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Brazil's energy sector reforms are not threatened by the prospect of impeachment proceedings against President Michel Temer, a former government advisor has told BNamericas.
Opposition politicians called for snap elections on Thursday while protesters marched in major cities after O Globo newspaper said Temer was recorded discussing bribes to silence jailed former lower house speaker Eduardo Cunha.
Adriano Pires, a former superintendent for the government's oil regulator ANP, said the news was "terrible" but cautioned against early panic among investors.
"It's obviously bad news, especially given the fact that Brazil appears to be on the road to economic recovery," Pires said in a telephone interview. "But it's too early to say how it's going to impact investments.
"Today is the day after the bomb exploded. We're still in the heat of the moment. We have to be calm before jumping to conclusions about what could happen next."
Cunha, who led the impeachment process against Temer's predecessor Dilma Rousseff, was sentenced to 15 years in jail in March for corruption, money laundering and tax evasion.
His arrest formed part of the sprawling Lava Jato probe into corruption at state run oil company Petrobras, which has led to prison terms for scores of politicians and company executives.
Since taking office on a permanent basis last August, Temer has announced a raft of new concessions and privatizations in the electric power, oil and gas and infrastructure sectors.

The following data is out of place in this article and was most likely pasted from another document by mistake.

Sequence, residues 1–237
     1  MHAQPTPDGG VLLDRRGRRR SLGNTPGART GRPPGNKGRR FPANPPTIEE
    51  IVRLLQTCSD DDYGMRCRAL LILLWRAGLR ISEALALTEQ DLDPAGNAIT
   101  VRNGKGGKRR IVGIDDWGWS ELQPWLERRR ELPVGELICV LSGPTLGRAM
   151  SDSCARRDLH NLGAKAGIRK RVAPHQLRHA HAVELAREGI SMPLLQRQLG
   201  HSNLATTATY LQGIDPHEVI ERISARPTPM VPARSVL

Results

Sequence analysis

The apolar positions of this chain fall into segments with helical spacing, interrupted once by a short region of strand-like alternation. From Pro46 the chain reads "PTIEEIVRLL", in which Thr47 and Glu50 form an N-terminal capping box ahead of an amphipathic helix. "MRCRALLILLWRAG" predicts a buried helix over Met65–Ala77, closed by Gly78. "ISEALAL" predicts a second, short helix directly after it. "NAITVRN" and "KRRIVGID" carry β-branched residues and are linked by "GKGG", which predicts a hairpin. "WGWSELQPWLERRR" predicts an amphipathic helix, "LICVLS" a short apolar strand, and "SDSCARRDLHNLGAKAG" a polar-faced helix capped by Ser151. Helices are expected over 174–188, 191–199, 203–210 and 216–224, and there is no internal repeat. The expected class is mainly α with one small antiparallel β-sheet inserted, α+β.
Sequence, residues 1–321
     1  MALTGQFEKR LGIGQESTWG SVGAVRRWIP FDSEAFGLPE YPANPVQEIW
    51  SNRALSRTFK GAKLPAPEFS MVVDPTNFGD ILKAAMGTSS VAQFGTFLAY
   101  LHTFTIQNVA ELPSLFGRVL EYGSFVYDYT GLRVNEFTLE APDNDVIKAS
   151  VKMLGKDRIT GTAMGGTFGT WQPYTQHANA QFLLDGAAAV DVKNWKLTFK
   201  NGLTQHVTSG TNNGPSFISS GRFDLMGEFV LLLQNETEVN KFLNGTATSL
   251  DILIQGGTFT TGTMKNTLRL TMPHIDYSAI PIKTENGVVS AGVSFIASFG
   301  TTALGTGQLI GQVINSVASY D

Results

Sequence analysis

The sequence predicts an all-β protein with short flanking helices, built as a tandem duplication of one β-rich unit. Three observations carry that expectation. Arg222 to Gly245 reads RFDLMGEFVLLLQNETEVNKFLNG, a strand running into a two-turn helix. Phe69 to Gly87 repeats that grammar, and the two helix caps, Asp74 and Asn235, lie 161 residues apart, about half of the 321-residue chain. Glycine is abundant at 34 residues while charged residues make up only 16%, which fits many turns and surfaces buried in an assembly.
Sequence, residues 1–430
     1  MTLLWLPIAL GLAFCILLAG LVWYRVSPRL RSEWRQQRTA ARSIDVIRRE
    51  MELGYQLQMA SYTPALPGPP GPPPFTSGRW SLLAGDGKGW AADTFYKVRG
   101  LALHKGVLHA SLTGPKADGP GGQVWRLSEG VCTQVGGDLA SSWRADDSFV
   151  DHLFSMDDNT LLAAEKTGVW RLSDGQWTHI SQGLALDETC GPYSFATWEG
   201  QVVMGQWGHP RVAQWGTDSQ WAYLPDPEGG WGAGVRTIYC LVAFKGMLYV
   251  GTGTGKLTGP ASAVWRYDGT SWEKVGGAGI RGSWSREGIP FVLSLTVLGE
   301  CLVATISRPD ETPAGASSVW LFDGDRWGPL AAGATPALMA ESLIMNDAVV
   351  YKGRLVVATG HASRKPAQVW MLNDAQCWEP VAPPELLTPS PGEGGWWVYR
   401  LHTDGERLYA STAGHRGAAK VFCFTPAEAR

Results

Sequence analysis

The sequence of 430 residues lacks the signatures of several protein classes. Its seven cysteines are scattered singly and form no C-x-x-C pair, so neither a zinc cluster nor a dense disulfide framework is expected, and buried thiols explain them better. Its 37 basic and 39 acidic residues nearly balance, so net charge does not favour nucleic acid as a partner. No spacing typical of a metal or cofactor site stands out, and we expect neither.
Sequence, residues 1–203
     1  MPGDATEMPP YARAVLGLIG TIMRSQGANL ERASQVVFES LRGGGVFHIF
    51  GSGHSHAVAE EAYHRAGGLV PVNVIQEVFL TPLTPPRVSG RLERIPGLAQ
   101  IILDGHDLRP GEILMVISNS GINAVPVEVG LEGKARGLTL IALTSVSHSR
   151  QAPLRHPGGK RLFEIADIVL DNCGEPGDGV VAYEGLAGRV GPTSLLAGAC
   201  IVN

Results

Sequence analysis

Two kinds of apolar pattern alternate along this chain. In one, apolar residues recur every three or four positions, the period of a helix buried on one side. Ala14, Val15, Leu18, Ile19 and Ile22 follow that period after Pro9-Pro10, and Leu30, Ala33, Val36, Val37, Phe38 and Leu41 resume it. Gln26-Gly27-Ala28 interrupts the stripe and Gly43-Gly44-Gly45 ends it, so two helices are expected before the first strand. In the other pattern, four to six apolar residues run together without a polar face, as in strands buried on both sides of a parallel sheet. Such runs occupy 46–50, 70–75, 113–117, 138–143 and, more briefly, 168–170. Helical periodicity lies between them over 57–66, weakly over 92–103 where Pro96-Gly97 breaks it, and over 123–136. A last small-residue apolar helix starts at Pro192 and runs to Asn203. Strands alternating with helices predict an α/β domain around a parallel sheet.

The government has also lifted restrictions on foreign and private oil companies in the country's vaunted pre-salt fields and relaxed local content rules for exploration and production contracts.
Temer's administration is hoping that an influx of private capital will kick start Brazil's recession-hit economy and reduce a gaping fiscal deficit.
According to Pires, there is no danger that pro-market changes implemented by the government could be reversed in the event of an impeachment.
"I think that would never happen. What has been put in place will remain," Pires said. "What could happen is that certain policies don't progress further, like further rule changes for local content or [pre-salt] preferences."
The mining and energy ministry has announced plans for two pre-salt licensing auctions this year in addition to the 14th concession round.